China widened the yuan’s trading band for the first time since 2007 as speculation on currency gains declined and to fend off pressure from trading partners for faster appreciation.
The increase to 1 percent from 0.5 percent will take effect tomorrow, the People’s Bank of China said on its Web site yesterday. The previous broadening of the trading band, which is centered on a rate set daily by the central bank, was from 0.3 percent in May 2007.
Expectations for yuan gains dwindled in the past six months as Chinese Premier Wen Jiabao (溫家寶) cut the country’s economic growth target and Europe’s sovereign-debt crisis hurt exports, sparking concern policymakers would curb appreciation. While the yuan reached an 18-year high at 6.2884 against the US dollar on Feb. 10, US President Barack Obama’s administration and US lawmakers argue the currency remains weak enough to give China, the world’s biggest exporter, an unfair advantage in global trade.
“China will avoid significant appreciation or depreciation this year,” Lu Ting (陸挺), an economist at Bank of America Corp in Hong Kong, said after the announcement, citing reasons including an “uncertain” global economy.
The yuan ended this week at 6.3030 per US dollar, up about 8.3 percent since the scrapping in June 2010 of an almost two-year peg imposed during the global financial crisis. Gains have stalled this year and a slowdown in China’s growth combined with official comments that the currency may be near -“equilibrium” are damping expectations for strengthening.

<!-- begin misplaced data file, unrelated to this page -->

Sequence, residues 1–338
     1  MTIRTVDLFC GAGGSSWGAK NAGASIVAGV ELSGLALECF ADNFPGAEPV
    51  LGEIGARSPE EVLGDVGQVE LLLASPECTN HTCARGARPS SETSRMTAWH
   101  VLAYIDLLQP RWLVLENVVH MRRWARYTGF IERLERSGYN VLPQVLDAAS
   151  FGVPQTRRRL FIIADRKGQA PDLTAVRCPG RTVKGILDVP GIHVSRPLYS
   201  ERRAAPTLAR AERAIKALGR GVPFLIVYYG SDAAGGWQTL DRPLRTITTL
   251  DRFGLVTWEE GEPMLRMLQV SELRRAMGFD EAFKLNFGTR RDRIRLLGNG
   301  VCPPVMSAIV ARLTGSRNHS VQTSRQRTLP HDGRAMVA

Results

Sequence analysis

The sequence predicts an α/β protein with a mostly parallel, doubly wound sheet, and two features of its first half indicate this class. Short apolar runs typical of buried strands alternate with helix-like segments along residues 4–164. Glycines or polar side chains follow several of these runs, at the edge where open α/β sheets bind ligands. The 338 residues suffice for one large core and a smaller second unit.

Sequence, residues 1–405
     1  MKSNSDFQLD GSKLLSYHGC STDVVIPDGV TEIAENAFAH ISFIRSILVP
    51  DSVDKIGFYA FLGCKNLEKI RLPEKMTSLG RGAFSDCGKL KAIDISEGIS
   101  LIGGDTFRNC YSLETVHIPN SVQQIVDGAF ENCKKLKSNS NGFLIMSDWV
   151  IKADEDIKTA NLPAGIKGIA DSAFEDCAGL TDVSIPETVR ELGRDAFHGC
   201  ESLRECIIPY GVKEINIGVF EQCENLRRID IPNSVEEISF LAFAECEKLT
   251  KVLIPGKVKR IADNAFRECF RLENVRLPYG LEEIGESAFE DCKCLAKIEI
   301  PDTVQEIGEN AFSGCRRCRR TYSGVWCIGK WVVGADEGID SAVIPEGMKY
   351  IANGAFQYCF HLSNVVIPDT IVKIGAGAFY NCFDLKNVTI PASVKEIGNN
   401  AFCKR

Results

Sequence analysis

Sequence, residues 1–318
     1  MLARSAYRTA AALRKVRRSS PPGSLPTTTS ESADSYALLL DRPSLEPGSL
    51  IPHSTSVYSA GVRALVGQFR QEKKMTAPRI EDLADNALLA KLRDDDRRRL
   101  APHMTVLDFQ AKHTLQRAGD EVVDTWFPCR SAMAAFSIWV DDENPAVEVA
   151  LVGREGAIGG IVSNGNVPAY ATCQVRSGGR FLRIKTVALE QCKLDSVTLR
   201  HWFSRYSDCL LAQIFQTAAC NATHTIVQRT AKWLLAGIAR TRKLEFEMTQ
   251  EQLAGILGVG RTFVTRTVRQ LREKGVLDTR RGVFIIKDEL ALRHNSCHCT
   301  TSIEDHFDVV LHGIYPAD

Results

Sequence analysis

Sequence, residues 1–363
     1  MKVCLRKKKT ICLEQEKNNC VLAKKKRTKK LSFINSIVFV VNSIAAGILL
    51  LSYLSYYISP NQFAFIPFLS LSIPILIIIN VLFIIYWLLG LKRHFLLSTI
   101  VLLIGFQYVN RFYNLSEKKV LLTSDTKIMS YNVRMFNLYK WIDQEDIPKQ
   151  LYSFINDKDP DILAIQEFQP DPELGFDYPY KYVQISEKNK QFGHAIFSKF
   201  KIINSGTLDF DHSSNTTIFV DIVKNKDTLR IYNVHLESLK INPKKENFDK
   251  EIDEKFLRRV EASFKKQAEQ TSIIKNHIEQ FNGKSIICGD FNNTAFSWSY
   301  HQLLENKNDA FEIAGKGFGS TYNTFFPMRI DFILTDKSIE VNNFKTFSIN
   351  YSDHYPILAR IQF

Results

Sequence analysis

The central bank said yesterday’s move is to meet “market demands,” promote price discovery and enhance the currency’s two-way flexibility. The change improves a managed, floating exchange-rate regime that is based on supply and demand and operates in reference to a basket of currencies, it said.
The monetary authority will keep the currency “basically stable at an adaptive and equilibrium level,” to preserve the stability of the Chinese economy and financial markets, it said.
Twelve-month non-deliverable forwards for the yuan were 0.5 percent weaker than the onshore spot rate on Friday, according to Bloomberg, suggesting that the currency could fall over that period.
Cliff Tan, a currency analyst at Bank of Tokyo-Mitsubishi UFJ in Hong Kong, said yesterday that he was leaving unchanged a forecast for the yuan to reach 6.17 by the end of this year.
The move may mark an early stage of a capital account opening that will be as “momentous” for China as joining the WTO in 2001, Tim Condon, chief Asia economist at ING Financial Markets in Singapore, said in an e-mail.
By increasing two-way exchange rate risk, China can make the currency less attractive as a speculative bet, he said.
The announcement is also a “concrete follow-up” to government statements that the yuan is close to an “equilibrium” level, Condon said.
After keeping the exchange rate stable for a decade, China allowed its currency to strengthen 21 percent from July 2005 to July 2008, including an initial, single-day gain of 2 percent. Appreciation was then halted for almost two years to help exporters weather a global recession.
China could expand the yuan’s trading band to as much as 2 percent, China Business News reported on Dec. 9, citing Chinese Academy of Social Sciences researcher Liu Yuhui (劉煜輝).